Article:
Who I am today is a reflection of all the sacrifices my immigrant parents made to achieve the American Dream. In the late 1970s, my parents fled the Communist takeover of Vietnam, leaving behind family and friends and spending weeks traveling by boat to come to the U.S. for a better future.
Having arrived with little money and limited English fluency, my father worked long hours at a blue-collar job while my mother stayed home to take care of my younger sister and me. My parents always found ways to provide for my sister and me with what little resources they had, using their own hardships to inspire us to achieve more than they could have. I could not be prouder to be the daughter of “boat people,” refugees, and immigrants, a sentiment I hope the refugees and immigrants being turned away at our borders today due to the targeted travel ban will eventually share.
It may be easy for me to empathize with these affected refugees and immigrants because our shared experiences categorize us as part of the same in-group. In social psychology, an in-group is a social group arbitrarily defined based on similarities among its members (e.g., citizenship). And if you’re not an in-group member, then you’re likely to be denigrated as an out-group member, simply for your dissimilarities. Importantly, while there are often no objective differences between in-groups and out-groups, classic social psychology experiments show that minimally defined groups, such as being on a meaningless “blue” or “yellow” team, are sufficient for eliciting out-group bias, even in children as young as 6 years old. This “Us vs. Them” mentality results in people being more likely to help in-groups and discriminate against helping out-groups. While helping in-groups may promote social connection, choosing not to help out-groups may cultivate feelings of rejection or exclusion, reinforcing group boundaries in society.
During a time when Americans’ attitudes and behaviors are especially rife with out-group prejudices, how can we encourage aid and support for those less similar to us?
A recent study by Dr. Grit Hein and colleagues used neuroimaging methods to probe whether out-group biases that emerge implicitly in the brain can be changed through experiencing more positive interactions with out-groups. The researchers used a learning intervention in adults to examine whether attitudes and empathy toward out-group members would change after receiving help from an out-group member (experimental condition) just as often as an in-group member (control condition). Because it is more unexpected to receive help from an out-group member relative to an in-group member, the researchers hypothesized that experiencing more of this unexpectedly positive outcome would increase positive associations with out-group members.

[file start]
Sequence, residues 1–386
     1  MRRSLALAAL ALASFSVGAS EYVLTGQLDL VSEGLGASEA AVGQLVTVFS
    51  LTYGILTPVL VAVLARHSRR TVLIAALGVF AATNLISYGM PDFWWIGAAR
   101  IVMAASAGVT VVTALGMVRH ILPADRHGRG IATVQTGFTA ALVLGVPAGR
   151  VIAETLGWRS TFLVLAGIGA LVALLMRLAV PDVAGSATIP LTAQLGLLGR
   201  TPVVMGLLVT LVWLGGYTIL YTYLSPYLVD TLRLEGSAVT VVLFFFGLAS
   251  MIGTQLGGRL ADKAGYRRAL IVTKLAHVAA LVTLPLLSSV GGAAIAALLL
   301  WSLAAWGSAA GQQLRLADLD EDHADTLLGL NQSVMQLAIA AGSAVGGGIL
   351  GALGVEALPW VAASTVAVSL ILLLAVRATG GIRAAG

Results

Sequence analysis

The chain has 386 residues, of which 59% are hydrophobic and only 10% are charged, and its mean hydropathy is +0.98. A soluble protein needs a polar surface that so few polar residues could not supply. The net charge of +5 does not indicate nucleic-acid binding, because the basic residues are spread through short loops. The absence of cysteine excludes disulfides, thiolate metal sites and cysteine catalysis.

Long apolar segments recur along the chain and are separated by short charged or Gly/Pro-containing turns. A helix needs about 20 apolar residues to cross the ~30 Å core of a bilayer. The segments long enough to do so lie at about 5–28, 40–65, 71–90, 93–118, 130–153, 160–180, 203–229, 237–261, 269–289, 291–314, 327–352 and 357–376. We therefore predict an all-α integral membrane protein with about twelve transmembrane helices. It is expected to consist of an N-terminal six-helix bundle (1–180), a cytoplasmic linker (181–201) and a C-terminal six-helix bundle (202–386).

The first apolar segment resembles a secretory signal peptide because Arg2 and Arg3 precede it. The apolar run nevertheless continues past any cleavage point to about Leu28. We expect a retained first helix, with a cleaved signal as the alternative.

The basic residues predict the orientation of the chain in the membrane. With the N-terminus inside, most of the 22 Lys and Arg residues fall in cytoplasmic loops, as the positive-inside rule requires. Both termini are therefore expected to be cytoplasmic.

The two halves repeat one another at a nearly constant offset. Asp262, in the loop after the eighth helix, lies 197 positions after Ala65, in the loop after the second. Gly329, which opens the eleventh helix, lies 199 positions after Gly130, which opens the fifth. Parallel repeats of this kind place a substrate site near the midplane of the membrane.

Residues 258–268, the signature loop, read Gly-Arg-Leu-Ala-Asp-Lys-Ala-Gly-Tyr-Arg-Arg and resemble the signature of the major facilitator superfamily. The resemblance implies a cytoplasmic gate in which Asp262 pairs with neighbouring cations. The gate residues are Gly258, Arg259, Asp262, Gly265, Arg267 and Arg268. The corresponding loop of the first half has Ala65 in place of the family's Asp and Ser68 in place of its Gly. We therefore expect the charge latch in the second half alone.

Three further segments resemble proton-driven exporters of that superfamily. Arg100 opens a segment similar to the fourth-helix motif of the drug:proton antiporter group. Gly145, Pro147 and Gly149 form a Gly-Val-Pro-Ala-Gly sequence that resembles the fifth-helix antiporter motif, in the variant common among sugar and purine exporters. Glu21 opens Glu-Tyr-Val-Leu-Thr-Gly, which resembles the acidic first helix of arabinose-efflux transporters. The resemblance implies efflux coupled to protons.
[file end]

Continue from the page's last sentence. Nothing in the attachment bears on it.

Indeed, Hein and colleagues found that experiencing unexpectedly positive out-group interactions led adults to develop more positive attitudes towards out-group members, which in turn increased empathy-related processing in the brain (i.e., greater neural activation in the anterior insula) to out-group members. Especially promising, increases in out-group empathy were achieved after only two positive learning experiences with out-group members!
Thus, while our perceptions of out-group members — like refugees and immigrants — are often biased and may lead to negative societal consequences (e.g., intergroup conflict), the results of this study highlight just how malleable these arbitrary intergroup distinctions can be. By increasing how often we interact with people less similar to us — whether those differences are by race, citizenship, or whatever arbitrary feature that we think divides us— we can learn to be more accepting of every person’s unique and important contribution to the fabric of our nation. After all, we are each united in our pursuit for the American Dream.
Peer edited by Alissa Brown and Christine Lee.
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